21 September 2010


something unique about me among many of my colleagues: i love clinic. and this is great because i started my outpatient acting internship in family medicine this week.

and it's awesome. i knew it would be. here's why:
1. laid-back doctors who let me do a lot ("did you write the prescription? order the labs? can you just run my clinic?")
2. steady flow of adult patients (no babies! or kids!)
3. 8a-5p, baby
4. and - dum, dum, dum - i did my family medicine clerkship here! so i have intimate knowledge of the whereabouts of important things like the bathrooms, vending machines, staff microwave, younameit

in medical school where you sometimes switch to a different ward/service/specialty as often as every week, it was such a delight to be starting something where it didn't feel like my first day was my first day.

and my cheap jab above about not seeing kids in the clinic? nah, don't sweat it. they say kids say the darnedest things, but i'd be willing to fight 'em for it. here's an example from today from a delightful little woman in her late 60s. my patients say plenty to keep me rolling all day long.

"hi, ms. so-and-so, what brings you in today?"
"this awful cough" ::coughs:: "i've had it for a month. last time i had a cough like this it turned into pneumonia. i hadn't planned to go to the doctor that time, but my husband told me he wouldn't have SEX with me anymore if i didn't get myself fixed up, so i guess i just HAD to!"
"i see. well we wouldn't want that to happen. tell me more about your cough..."

11 September 2010


when i was 16, i went to the beach with a friend and her family. one night we decided to hit up a little amusement park, and my friend and i rode pretty much every ride that didn't make me barf. most of the park workers were local teenagers, and as teenage boys are wont to do, they flirted with us. except - they flirted with my friend, telling us they thought she was 17-18 and i was her 13yr old kid sister.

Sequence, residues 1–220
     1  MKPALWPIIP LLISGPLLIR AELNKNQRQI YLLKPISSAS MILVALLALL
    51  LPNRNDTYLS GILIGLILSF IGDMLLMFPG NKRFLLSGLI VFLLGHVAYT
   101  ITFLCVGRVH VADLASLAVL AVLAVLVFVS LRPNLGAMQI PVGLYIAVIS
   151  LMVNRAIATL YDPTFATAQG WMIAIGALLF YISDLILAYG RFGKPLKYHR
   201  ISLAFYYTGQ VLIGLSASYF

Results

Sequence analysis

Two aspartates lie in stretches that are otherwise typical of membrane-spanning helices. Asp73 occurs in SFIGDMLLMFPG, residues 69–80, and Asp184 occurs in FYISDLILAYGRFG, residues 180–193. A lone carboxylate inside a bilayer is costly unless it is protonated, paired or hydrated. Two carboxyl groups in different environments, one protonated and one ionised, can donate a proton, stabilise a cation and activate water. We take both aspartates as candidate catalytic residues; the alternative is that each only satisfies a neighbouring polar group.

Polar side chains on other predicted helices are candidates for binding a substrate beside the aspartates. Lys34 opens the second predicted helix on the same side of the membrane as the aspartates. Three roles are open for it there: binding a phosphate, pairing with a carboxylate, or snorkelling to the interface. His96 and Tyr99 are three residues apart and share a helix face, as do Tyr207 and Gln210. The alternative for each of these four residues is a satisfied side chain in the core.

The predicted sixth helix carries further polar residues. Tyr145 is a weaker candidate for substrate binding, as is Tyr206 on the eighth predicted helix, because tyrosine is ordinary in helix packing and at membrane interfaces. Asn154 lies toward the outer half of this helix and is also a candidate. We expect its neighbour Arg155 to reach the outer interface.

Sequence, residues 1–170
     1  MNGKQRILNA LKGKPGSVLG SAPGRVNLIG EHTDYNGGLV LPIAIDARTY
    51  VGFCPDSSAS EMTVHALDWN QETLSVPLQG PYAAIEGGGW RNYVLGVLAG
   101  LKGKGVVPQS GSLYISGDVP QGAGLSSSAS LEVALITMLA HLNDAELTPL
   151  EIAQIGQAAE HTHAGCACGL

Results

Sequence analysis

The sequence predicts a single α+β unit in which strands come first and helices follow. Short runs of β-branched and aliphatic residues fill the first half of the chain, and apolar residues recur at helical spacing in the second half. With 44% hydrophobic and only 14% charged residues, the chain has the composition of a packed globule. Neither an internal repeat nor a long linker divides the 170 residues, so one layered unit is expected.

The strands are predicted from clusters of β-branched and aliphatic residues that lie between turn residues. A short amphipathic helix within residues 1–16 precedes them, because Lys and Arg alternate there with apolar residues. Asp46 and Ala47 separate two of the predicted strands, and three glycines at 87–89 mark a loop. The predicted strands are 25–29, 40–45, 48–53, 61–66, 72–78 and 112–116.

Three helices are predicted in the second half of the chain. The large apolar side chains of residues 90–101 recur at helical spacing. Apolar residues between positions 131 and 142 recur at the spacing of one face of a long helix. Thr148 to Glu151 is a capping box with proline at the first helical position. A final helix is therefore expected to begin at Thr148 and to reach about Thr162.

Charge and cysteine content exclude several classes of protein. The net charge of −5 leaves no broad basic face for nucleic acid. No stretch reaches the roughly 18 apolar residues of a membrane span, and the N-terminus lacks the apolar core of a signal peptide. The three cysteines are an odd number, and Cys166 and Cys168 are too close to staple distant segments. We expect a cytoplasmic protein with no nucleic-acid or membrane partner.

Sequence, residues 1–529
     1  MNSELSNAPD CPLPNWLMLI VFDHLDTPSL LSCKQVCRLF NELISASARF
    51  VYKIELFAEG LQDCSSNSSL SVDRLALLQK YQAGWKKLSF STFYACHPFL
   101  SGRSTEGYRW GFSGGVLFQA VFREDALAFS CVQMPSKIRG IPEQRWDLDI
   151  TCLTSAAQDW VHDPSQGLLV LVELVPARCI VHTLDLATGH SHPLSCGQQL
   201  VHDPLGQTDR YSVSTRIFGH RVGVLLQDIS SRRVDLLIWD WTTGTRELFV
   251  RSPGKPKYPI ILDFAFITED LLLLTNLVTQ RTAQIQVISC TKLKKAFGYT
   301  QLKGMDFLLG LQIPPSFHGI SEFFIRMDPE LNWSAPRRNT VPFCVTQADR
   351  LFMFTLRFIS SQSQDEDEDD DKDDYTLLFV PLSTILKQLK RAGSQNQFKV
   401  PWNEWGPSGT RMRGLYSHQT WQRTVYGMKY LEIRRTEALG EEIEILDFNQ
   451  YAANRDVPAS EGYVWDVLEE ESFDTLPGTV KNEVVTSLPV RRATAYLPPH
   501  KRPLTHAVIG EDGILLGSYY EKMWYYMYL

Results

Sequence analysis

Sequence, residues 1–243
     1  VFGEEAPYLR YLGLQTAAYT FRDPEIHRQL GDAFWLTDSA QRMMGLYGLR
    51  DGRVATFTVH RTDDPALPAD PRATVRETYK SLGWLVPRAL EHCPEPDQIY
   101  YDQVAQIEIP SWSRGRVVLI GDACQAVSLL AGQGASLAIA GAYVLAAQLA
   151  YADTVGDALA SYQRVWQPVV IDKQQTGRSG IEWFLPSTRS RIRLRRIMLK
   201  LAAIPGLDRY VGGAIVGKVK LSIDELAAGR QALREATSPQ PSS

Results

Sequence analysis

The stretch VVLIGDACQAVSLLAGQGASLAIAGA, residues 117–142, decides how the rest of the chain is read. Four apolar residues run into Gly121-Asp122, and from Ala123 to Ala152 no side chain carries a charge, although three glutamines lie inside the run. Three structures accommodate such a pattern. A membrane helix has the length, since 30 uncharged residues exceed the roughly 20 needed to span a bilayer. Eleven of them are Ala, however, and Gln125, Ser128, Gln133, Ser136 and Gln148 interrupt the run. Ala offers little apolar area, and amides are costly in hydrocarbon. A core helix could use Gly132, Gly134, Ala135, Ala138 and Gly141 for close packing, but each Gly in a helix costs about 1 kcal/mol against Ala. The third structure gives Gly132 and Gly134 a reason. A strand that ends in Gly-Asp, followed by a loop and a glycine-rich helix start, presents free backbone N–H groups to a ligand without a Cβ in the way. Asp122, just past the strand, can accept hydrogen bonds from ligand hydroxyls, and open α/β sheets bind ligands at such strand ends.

when i was 21, i was in my senior year of college. i went to a local restaurant in the city with some friends for a champagne brunch. we were carded, of course. but when the waiter looked at my license and looked at me, he frowned and said he needed to take my card to his manager. mind you, my friends had out-of-state licenses, in-state licenses, you-name-it. here i was with my in-state as-legitimate-as-you-get-license, getting the twice-over from some waiter likely because of my age.

i could go on and on. apparently i look younger than i am.

but - over the past year, something changed. around january, i stopped getting carded at restaurants. it was mysterious really. i would order my drink, look down to my purse to fumble for my license, and the waitress would have already disappeared. i have been chalking it up to the chronic state of sleep deprivation and stress of third year, especially since just prior to january i had my surgery rotation.

and then it happened. we got o
ur pictures taken for our residency application, and i picked them up yesterday. i looked nice, i thought, and then, out of nowhere: "hey, who is that grown-up?!" apparently somewhere along the way it is the goal of medical school to attempt to make you look like you are old enough to take care of so-and-so's dying mom. hey medical school? goal accomplished. ...or maybe medical school has just flown by so fast the last time i looked in the mirror was my early twenties? in any case, here's the evidence.

yours truly, all grown-up: